Posted: Feb 14, 2011 3:54 PM by Marnee Banks (Helena)
Updated: Feb 14, 2011 5:45 PM
Montana lawmakers on Monday took up the issue of considering reducing funding for K-12 education.
Legislators heard public comment about a proposal to eliminate the adult basic education program.
The program currently helps over 6,000 Montana adults get their high school diploma.
The state funds the program with $500,000 per biennium.
Eliminating those funds as proposed would cost the state a million dollars in federal money.
Candita Hernandez of Billings testified, "I returned back to school two years ago at the age of 37, received my GED. So I believe to cut funding for adult education not only for myself but for a lot of students and adults, you'd be hurting them a lot as far as trying to make a better future not only for themselves but for their children and family also."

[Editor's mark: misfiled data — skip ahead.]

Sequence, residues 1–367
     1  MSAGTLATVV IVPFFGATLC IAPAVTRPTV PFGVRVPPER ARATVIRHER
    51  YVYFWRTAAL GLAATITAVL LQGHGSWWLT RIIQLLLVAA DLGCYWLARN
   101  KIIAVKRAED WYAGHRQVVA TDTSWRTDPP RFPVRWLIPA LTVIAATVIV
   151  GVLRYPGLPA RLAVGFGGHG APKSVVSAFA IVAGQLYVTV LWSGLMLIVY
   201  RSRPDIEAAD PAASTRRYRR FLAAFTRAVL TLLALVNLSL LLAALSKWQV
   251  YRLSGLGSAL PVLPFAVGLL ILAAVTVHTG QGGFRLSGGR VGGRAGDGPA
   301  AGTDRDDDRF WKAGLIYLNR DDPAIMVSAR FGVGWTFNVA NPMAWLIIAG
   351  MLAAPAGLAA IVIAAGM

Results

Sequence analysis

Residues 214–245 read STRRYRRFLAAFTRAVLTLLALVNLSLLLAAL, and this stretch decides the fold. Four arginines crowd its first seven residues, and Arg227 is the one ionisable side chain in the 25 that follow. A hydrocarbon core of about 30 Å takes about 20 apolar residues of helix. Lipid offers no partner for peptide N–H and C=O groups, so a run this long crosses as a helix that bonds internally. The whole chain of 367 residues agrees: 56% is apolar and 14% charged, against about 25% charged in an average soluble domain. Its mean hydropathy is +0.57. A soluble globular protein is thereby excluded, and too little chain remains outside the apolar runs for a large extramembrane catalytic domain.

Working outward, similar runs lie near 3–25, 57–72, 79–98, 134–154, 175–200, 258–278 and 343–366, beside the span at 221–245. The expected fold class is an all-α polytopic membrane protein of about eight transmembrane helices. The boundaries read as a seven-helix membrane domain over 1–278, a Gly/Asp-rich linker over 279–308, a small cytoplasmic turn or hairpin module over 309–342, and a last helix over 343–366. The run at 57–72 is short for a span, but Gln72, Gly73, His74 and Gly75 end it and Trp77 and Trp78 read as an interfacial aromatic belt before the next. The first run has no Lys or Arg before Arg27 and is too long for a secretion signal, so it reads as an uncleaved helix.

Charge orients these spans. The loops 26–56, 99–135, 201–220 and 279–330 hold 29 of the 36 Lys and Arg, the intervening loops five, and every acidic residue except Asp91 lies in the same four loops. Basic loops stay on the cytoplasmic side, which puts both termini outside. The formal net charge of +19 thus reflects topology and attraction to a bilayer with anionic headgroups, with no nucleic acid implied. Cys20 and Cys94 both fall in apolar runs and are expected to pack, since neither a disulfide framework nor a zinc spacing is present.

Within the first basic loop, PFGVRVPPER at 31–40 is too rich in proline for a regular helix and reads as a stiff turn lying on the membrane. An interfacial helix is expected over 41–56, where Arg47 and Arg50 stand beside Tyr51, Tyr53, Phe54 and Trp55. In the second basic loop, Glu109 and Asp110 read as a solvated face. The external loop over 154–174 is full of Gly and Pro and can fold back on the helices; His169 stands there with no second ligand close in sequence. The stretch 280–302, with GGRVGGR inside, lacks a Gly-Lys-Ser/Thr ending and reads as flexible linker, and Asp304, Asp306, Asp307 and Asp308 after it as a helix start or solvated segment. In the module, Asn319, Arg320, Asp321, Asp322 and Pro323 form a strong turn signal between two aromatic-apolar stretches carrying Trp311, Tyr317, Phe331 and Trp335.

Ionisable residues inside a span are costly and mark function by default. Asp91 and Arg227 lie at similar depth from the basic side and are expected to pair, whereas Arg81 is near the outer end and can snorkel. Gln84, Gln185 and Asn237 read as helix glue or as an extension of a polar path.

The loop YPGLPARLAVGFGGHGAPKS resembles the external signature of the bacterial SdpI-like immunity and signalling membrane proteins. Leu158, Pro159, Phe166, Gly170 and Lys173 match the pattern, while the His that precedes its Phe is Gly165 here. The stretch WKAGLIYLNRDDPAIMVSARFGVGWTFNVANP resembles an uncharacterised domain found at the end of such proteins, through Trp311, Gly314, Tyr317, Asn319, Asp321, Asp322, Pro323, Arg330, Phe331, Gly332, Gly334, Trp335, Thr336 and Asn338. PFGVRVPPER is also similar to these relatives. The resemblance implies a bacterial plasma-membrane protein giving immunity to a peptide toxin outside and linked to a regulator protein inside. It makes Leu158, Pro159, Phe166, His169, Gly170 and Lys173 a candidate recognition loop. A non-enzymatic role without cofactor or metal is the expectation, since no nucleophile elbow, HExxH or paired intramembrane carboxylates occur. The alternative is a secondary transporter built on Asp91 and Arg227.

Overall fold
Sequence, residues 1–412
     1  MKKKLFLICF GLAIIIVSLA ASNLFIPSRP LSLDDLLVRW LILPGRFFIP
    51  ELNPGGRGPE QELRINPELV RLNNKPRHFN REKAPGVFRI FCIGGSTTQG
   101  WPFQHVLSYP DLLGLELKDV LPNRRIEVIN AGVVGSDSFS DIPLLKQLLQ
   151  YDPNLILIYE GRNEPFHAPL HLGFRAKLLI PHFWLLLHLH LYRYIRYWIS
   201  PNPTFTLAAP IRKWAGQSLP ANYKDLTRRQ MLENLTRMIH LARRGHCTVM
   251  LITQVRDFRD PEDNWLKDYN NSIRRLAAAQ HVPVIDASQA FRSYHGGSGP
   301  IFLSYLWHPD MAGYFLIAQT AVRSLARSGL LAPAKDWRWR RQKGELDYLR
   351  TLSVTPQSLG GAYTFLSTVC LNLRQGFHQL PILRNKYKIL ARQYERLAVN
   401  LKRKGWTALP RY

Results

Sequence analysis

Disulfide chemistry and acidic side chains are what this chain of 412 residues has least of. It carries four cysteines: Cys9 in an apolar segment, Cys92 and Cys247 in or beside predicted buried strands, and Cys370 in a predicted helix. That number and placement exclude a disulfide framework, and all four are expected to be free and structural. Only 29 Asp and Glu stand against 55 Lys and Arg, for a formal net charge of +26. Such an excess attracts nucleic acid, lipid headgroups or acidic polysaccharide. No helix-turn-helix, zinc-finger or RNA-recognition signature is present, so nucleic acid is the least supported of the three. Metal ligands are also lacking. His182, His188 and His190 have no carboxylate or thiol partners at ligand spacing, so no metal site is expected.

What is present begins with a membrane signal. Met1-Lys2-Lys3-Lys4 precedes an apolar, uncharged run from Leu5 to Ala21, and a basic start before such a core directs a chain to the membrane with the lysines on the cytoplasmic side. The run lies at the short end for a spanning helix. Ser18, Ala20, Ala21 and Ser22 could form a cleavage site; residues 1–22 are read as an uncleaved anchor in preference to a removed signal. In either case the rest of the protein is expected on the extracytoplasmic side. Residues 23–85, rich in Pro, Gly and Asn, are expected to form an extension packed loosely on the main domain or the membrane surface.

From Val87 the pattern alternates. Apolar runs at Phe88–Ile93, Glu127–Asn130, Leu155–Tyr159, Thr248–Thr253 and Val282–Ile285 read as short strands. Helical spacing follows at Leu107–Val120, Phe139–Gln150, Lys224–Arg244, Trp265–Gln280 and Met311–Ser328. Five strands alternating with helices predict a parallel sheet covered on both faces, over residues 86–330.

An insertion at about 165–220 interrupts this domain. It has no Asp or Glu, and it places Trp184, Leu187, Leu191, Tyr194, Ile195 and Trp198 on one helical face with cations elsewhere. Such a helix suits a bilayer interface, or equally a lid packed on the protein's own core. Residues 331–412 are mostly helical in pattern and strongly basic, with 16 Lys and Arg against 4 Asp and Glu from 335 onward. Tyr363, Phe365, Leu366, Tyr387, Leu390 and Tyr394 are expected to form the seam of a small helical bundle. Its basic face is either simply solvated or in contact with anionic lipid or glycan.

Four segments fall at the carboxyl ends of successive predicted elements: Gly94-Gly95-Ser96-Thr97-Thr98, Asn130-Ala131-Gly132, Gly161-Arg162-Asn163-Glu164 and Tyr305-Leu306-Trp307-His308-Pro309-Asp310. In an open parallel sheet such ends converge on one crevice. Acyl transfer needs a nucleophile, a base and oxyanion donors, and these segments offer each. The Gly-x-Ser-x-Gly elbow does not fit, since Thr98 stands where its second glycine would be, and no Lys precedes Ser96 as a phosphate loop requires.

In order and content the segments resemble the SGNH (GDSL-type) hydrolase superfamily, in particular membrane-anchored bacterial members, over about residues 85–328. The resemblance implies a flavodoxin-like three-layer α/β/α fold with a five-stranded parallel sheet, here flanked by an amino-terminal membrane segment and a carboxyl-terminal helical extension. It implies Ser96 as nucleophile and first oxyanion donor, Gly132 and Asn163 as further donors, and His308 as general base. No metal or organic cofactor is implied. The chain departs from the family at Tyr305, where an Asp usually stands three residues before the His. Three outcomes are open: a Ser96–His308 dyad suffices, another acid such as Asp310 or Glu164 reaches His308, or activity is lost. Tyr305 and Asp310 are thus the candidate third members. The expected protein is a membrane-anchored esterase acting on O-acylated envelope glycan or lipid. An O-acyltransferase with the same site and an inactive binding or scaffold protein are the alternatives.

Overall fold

The Education Appropriations committee is also considering eliminating funding for the gifted and talented program.
It's a program that gives grants to over 70 Montana schools to help educate children who aren't challenged in a normal classroom.
Sierra McGrorty, a student in a gifted and talented program known as PEAK, said, "With me, trying to fit in, it is extremely hard because I find in classes I have to adjust myself, like my personality and how smart I am supposed to be to the group of people I am with. In PEAK I can just kind of just be me."
Scrapping the gifted and talented program would save the state a half-million dollars over the next biennium.